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Gut. 2004 Sep;53(9):1334-9.

Colonoscopic resection of lateral spreading tumours: a prospective analysis of endoscopic mucosal resection.

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17 Alexandra Gardens, Lyndhurst Rd, Nether Edge, Sheffield S11 9DQ, UK.



Lateral spreading tumours are superficial spreading neoplasms now increasingly diagnosed using chromoscopic colonoscopy. The clinicopathological features and safety of endoscopic mucosal resection for lateral spreading tumours (G-type "aggregate" and F-type "flat") has yet to be clarified in Western cohorts.


Eighty two patients underwent magnification chromoscopic colonoscopy using the Olympus CF240Z by a single endoscopist. All patients had received a previous colonoscopy where an endoscopic diagnosis of lateral spreading tumour was made. All lesions were examined initially using indigo carmine chromoscopy to delineate contour followed by crystal violet for magnification crypt pattern analysis. A 20 MHz "mini probe" ultrasound was used if T2 disease was suspected. Following endoscopic mucosal resection, patients were followed up at 3, 6, 12, and 24 months using total colonoscopy.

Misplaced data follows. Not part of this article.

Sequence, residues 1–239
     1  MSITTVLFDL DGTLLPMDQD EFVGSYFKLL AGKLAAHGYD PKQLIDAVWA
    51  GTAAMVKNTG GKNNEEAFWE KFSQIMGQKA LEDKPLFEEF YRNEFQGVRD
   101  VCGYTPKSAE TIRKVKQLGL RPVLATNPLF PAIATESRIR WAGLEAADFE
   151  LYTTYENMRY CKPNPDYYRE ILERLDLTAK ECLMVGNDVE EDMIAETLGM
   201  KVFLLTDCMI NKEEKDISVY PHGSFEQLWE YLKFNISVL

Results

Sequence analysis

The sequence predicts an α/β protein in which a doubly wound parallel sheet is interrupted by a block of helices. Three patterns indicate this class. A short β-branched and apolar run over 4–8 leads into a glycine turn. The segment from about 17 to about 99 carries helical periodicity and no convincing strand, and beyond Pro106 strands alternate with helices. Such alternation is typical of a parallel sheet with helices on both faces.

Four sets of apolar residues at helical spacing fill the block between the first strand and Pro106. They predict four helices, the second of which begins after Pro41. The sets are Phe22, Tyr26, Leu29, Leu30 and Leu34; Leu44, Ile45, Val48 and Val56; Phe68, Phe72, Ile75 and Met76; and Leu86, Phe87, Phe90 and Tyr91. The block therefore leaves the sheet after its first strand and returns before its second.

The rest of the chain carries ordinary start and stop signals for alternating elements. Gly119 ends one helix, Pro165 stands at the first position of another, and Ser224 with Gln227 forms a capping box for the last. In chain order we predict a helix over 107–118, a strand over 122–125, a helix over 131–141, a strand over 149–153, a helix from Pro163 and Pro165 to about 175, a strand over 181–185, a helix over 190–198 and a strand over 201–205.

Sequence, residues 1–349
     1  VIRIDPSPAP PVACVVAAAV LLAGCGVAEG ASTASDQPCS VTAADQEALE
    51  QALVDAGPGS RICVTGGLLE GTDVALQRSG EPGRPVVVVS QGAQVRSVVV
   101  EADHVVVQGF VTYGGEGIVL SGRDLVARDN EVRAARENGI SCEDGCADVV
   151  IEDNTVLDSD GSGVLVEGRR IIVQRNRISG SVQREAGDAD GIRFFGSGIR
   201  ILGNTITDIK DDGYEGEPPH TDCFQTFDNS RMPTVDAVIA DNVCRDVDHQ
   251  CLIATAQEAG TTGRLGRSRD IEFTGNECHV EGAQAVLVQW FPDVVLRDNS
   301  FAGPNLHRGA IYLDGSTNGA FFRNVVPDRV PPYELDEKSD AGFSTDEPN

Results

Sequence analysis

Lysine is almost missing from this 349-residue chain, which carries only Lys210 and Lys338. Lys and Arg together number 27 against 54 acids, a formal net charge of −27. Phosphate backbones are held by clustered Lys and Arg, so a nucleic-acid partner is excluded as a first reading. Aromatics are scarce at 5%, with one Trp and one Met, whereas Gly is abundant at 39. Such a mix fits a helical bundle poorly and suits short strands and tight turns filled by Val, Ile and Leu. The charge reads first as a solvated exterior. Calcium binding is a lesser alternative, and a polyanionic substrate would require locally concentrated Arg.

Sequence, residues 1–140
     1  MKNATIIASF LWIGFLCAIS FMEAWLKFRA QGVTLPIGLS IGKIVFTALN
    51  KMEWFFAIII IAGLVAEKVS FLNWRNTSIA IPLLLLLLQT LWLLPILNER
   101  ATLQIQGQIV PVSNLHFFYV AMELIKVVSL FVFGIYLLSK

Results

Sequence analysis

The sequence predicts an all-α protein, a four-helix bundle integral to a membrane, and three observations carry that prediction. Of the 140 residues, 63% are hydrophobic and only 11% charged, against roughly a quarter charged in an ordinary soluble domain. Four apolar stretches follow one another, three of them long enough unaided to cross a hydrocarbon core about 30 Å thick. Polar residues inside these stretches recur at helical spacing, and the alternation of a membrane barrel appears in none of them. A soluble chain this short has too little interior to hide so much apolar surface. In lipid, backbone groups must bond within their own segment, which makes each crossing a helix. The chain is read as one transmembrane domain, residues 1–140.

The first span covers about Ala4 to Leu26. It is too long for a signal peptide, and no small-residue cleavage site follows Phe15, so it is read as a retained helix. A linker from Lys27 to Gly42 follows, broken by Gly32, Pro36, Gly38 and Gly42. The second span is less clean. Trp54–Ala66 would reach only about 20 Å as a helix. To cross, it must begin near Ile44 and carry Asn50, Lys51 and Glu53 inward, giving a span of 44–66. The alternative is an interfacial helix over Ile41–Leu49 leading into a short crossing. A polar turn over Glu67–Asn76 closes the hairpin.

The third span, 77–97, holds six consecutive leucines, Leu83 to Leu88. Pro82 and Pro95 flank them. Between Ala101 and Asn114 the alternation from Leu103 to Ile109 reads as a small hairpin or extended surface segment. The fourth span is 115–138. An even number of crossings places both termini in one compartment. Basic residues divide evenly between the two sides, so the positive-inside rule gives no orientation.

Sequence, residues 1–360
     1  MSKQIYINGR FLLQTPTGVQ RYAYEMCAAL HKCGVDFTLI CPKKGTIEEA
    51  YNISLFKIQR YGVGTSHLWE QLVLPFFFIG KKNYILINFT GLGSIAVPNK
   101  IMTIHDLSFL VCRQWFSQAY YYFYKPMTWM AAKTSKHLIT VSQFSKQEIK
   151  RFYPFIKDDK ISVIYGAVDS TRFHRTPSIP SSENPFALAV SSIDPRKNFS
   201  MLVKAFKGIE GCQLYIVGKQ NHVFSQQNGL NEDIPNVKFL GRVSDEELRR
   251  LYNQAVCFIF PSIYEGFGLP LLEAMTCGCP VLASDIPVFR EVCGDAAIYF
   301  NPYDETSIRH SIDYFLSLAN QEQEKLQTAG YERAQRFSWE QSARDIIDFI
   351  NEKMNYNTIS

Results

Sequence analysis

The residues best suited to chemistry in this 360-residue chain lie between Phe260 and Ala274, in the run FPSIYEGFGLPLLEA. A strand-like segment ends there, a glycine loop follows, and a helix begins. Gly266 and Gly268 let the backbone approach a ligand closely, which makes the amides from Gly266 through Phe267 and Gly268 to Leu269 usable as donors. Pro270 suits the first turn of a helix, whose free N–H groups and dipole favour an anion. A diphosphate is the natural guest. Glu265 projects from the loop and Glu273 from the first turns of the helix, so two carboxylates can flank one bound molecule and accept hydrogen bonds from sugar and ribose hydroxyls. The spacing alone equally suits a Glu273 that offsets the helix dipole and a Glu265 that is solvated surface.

Eighty two lateral spreading tumours were diagnosed in 80 patients (32% (26/82) F-type and 68% (56/82) G-type). G-type lesions were larger than F-type (G-type mean 42 (SD 14) mm v F-type 24 (6.4) mm; p<0.01). F-type lesions were more common in the right colon (F-type 77% (20/26) compared with G-type 39% (22/56); p<0.01) and more often associated with invasive disease (stage T2) (66% (10/15) v 33% (5/15); p<0.001). Fifty eight lesions underwent endoscopic mucosal resection (G-type 64% (37/58)/F-type 36% (21/58)). Local recurrent disease was detected in 17% of patients (10/58), all within six months of the index resection. Piecemeal resection and G-type morphology were significantly associated with recurrent disease (p<0.1). Overall "cure" rates for lateral spreading tumours using endoscopic mucosal resection at two years of follow-up was 96% (56/58).


Endoscopic mucosal resection for lateral spreading tumours, staged as T1, is a safe and effective treatment despite their large size. Endoscopic mucosal resection may be an alternative to surgery in selected patients.

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